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I use a std::set to sort a vector of unordered duplicate values. Every time I find an element in my set, I need to know the position (index) of the element as well. There are a lot of elements (hundreds of thousands) in my set, and using std::distance() gives me abysmal performance.

Is std::distance the only way to go?

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if you are going to sort the vector, then you shouldn't need to use a set. Once you have a sorted vector, just use binary_search on it. I find the std::set to be rather slow. –  Samy Arous May 21 '12 at 1:45
    
Given your approach, why do you need the position? find returns the iterator, and you can move things around using those iterators. See std::swap, for example. –  Chris Betti May 21 '12 at 2:01
    
I'm cleaning a data structure that's a mesh, which uses indices to define polygons. After looking up a given vertex, I need its index in that list as well. –  Pris May 21 '12 at 2:23
    
Are you trying to remove duplicates? If so, then just use std::sort followed by std::unique. Or perhaps use std::set instead of std::vector from the onset, and then you'll always have sorted, unique values. –  jamesdlin May 21 '12 at 2:47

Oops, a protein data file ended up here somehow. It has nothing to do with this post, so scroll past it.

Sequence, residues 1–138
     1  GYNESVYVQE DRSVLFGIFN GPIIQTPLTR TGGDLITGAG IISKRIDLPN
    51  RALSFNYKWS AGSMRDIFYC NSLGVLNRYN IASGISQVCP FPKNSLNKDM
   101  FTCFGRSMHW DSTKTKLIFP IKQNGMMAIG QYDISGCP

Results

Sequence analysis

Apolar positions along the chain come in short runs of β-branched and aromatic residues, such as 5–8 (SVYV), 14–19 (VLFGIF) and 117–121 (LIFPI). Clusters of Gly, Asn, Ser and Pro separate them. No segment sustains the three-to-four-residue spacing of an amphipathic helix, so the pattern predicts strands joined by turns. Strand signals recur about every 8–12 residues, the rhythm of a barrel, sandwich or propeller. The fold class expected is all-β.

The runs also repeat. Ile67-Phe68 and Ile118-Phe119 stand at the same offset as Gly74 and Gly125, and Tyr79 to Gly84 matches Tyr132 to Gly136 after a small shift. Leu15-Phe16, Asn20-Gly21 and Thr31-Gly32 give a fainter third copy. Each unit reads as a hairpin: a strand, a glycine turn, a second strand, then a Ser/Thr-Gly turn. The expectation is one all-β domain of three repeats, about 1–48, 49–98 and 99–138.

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You can sort the elements in place using the std::sort() algorithm. Then when you find an element in the vector using binary_search() just subtract the result of a call to begin() from the iterator pointing to the element.

Another alternative is to use std::partial_sort_copy() if you don't want to overwrite your original vector. Just sort into another vector and you can do the same thing I described above.

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